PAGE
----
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The mind and inflammation

 •  • by Paul Ingraham

Weekly nuggets of pain science news and insight, usually 100-300 words, with the occasional longer post. The blog is the “director’s commentary” on the core content of PainScience.com: a library of major articles and books about common painful problems and popular treatments. See the blog archives or updates for the whole site.

Today I have a little good-news science to offer, about reducing systemic inflammation with structured chillin’ (meditation and such). The optimism may surprise some readers, if you tune in for the curmudgeonly debunking.

“Mind-body therapies and control of inflammatory biology: A descriptive review”
Bower et al. Brain Behav Immun. Volume 51, Number , 1–11. Jan 2016.

I think the paper is fairly credible: a 2016 qualitative review of 26 randomized controlled trials of the biological effects of mind-body therapies like Tai Chi, Qigong, yoga, and meditation identified “mixed effects” on inflammation (CRP, IL-6, stimulated cytokine production, yada yada yada), and more consistent results for “genomic markers.”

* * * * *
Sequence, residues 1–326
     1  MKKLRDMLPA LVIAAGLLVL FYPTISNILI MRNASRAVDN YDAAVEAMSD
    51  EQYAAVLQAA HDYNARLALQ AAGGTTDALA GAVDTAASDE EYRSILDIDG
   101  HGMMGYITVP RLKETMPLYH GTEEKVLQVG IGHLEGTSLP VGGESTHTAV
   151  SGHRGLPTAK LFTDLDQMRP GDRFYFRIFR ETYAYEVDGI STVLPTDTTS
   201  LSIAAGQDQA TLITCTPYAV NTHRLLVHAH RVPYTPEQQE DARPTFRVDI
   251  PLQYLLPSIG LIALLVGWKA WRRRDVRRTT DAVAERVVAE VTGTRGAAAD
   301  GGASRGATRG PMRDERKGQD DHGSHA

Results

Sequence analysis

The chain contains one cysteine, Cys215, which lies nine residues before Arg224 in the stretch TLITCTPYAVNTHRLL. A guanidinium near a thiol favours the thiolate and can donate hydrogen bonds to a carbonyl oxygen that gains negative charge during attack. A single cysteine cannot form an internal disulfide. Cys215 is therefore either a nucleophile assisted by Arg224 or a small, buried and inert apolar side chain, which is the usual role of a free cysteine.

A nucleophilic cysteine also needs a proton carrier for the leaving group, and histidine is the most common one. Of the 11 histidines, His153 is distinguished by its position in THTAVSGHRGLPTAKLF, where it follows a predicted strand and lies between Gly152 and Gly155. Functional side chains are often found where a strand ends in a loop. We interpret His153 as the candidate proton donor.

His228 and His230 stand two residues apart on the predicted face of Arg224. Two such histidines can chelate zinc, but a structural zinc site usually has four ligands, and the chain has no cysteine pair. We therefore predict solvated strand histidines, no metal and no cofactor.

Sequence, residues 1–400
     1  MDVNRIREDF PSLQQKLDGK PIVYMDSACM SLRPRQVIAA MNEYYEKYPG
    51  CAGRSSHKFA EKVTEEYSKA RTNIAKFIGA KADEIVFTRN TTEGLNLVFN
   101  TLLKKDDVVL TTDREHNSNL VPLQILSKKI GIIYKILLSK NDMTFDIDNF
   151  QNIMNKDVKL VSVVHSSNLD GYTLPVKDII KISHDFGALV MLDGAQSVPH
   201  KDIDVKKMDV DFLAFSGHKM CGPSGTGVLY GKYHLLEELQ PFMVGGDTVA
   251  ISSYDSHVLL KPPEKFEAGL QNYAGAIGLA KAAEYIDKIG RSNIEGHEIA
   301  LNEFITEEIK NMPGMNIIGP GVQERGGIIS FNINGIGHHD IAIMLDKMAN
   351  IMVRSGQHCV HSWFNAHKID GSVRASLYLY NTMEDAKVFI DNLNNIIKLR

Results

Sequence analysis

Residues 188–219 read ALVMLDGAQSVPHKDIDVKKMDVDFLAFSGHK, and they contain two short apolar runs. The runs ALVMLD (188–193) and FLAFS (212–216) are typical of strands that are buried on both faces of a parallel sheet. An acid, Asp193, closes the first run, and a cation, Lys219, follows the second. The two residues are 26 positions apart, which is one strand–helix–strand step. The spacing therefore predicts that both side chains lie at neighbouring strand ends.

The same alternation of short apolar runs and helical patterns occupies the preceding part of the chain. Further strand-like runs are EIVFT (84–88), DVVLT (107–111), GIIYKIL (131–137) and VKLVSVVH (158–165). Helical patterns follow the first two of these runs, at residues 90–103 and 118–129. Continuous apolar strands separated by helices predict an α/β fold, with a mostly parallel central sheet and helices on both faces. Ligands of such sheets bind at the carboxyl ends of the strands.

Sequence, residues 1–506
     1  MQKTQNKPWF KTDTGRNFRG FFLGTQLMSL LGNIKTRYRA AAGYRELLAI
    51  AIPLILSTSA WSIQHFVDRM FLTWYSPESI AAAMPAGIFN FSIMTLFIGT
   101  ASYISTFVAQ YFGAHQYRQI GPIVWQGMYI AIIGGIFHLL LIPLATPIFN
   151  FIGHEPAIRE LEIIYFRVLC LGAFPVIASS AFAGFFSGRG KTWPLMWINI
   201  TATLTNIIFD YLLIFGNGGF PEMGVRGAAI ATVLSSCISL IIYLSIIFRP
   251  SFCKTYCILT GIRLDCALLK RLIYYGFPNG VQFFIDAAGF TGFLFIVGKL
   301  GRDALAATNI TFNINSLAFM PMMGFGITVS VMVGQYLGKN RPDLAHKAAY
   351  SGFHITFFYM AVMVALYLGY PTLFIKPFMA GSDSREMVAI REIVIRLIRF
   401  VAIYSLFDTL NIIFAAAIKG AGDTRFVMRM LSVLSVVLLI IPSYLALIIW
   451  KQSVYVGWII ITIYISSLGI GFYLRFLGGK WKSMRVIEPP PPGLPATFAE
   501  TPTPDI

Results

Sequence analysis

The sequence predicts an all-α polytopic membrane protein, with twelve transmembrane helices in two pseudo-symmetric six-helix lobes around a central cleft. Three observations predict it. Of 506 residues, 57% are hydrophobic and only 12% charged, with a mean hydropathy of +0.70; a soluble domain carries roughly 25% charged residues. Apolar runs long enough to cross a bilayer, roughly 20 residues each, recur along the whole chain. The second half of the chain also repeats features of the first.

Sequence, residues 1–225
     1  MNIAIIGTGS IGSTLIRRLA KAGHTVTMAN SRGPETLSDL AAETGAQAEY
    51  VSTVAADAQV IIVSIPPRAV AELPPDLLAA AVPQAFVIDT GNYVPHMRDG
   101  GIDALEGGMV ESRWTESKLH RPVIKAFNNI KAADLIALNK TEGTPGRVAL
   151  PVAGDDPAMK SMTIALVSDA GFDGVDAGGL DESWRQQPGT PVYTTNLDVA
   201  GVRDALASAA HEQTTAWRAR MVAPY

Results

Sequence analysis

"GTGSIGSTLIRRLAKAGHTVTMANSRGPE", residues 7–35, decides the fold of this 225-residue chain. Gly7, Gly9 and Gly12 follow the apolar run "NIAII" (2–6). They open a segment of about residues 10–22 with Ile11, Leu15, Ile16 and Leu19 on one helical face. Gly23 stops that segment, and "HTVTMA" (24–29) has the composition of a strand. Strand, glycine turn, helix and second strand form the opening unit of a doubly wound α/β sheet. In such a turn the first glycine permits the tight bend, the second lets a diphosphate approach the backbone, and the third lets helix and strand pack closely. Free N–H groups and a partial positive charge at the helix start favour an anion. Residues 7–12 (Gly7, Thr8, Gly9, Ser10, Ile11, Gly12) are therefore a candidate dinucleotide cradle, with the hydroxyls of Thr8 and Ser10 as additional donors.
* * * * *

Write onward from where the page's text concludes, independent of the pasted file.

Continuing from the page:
Based on this evidence, it seems likely — not proven, but likely — that these activities are meaningfully good for you, and probably helpful for some kinds of chronic pain.

This study is the basis for some encouraging thoughts that I’ve recently injected into The Tyranny of Yoga, Meditation, and Mindfulness Because of the inflammation connection, I’ve also cited it in Chronic, Subtle, Systemic Inflammation.

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